Like the rest of the world, I’ve been spending a lot of time at home recently. When I’m not squinting at my computer screen (or slacking coworkers, complaining about blue light), I’m indulging in my favourite form of escapism: the new Animal Crossing game on the Nintendo Switch. And I’m not alone; Animal Crossing: New Horizons sold 1.88 million physical copies in Japan in three days. It’s so popular that Nintendo is struggling to keep up with demand for consoles across the world. While I would be absolutely content to spend hours casting a digital fishing rod and enjoying the English puns and bright graphics, I decided to expand my horizons (eh?) and try to play the game in Spanish.
Let me make something clear: I suck at Spanish. I work fulltime in the translation industry and have dumped hours upon hours into language learning apps like Duolingo and Babbel. But for some reason, I just can’t wrap my mind around it. Maybe it’s my background in French tripping me up, or my lack of outlets to practice the language, but no matter how strong my determination as I reinstall Duolingo for the umpteenth time, my resolve always crumbles in a few weeks and I sheepishly delete the app before that creepy owl sends too many threatening notifications. Animal Crossing: New Horizons has been a total gamechanger.
The game seems to be built for language learners, with rather repetitive dialogue coupled with silly jokes and cute, straightforward graphics. It takes what is usually a frustrating learning process and makes it absolutely delightful, as I find myself peeling back linguistic layers in villager names and action prompts. The effort on the part of the gaming localization team is clear. I practice my pronunciation every time I catch a seabass, with the rhyme, “He pescado una lubina! Pues mejor que una sardina…” and felt genuinely proud when I realized Isabelle’s Spanish name, “Canela,” was a play on the Spanish slang for dog, “can,” as well as a cute name, “Cinnamon.”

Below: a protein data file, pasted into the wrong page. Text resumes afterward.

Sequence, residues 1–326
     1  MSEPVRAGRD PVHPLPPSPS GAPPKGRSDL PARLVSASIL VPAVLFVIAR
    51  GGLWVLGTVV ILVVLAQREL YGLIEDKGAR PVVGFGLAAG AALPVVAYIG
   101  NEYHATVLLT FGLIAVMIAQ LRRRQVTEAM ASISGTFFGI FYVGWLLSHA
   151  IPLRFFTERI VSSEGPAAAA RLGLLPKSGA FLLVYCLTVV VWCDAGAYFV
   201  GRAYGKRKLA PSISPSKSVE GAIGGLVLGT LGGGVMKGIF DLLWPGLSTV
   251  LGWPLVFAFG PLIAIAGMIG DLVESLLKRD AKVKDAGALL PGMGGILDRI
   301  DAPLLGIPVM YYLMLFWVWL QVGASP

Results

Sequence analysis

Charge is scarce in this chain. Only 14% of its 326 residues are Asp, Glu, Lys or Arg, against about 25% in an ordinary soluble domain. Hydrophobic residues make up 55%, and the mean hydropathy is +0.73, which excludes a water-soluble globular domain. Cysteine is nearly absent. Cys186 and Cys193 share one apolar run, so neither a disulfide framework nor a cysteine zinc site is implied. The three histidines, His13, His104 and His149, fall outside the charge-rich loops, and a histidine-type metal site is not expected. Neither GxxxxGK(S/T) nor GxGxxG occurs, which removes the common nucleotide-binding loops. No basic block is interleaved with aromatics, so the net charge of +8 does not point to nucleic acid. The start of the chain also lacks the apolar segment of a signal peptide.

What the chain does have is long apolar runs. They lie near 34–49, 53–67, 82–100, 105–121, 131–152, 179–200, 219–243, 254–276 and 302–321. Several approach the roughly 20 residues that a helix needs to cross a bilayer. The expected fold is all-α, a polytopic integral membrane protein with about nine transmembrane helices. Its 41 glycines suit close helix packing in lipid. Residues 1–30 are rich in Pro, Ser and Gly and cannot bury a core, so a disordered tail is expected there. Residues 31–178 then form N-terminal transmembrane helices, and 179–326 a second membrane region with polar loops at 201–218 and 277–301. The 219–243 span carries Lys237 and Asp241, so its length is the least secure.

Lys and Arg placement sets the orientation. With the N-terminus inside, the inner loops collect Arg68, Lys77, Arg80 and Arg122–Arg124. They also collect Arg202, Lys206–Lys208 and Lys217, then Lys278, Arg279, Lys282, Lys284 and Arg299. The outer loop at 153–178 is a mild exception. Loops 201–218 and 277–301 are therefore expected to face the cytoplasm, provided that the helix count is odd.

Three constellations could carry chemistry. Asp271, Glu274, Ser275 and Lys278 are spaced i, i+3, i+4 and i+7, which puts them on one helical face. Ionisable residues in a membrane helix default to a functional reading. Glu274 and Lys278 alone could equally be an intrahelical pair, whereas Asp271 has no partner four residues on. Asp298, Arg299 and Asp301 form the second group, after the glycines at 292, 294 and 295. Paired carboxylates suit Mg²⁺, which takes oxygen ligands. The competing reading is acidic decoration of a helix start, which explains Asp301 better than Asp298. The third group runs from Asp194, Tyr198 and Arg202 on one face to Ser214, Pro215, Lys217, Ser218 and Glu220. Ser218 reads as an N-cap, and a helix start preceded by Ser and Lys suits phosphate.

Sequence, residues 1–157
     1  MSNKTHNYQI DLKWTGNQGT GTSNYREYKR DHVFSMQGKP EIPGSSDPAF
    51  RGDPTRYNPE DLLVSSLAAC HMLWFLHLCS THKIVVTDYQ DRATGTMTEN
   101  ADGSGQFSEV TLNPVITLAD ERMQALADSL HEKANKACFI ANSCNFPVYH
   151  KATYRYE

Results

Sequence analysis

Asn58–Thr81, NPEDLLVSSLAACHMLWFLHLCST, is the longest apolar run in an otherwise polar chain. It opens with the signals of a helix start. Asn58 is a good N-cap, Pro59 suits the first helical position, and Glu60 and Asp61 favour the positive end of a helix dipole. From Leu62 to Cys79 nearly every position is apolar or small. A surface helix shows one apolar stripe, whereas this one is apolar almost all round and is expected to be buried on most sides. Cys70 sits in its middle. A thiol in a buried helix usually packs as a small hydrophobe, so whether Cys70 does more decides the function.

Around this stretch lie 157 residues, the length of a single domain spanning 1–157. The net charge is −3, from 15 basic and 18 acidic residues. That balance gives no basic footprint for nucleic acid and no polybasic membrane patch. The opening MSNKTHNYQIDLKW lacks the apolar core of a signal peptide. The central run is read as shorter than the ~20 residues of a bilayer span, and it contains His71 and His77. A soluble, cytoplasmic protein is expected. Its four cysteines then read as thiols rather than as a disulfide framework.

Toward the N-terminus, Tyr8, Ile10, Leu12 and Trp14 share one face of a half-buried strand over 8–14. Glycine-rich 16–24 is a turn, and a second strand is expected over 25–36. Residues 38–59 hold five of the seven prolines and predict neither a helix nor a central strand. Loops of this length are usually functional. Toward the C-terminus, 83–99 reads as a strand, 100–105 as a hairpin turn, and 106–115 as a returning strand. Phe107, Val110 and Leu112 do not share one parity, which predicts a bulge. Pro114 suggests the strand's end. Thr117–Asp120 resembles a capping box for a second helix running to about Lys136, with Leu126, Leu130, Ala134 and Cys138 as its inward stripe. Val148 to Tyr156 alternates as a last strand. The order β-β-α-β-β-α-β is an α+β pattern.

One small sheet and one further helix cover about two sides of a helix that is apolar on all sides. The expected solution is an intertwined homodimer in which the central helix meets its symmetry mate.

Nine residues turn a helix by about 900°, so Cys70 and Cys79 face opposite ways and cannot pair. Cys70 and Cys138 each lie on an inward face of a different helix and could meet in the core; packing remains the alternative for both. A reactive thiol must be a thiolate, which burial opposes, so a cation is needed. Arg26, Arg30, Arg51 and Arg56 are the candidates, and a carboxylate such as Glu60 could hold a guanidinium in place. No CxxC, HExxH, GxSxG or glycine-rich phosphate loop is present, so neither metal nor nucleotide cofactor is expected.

Animal Crossing is by no means a language learning game, but its natural repetition coupled with Nintendo’s phenomenal video game localization has made it the most meaningful Spanish class I’ve ever taken. So don’t feel too bad dumping hundreds of hours into New Horizons, especially if it’s en español.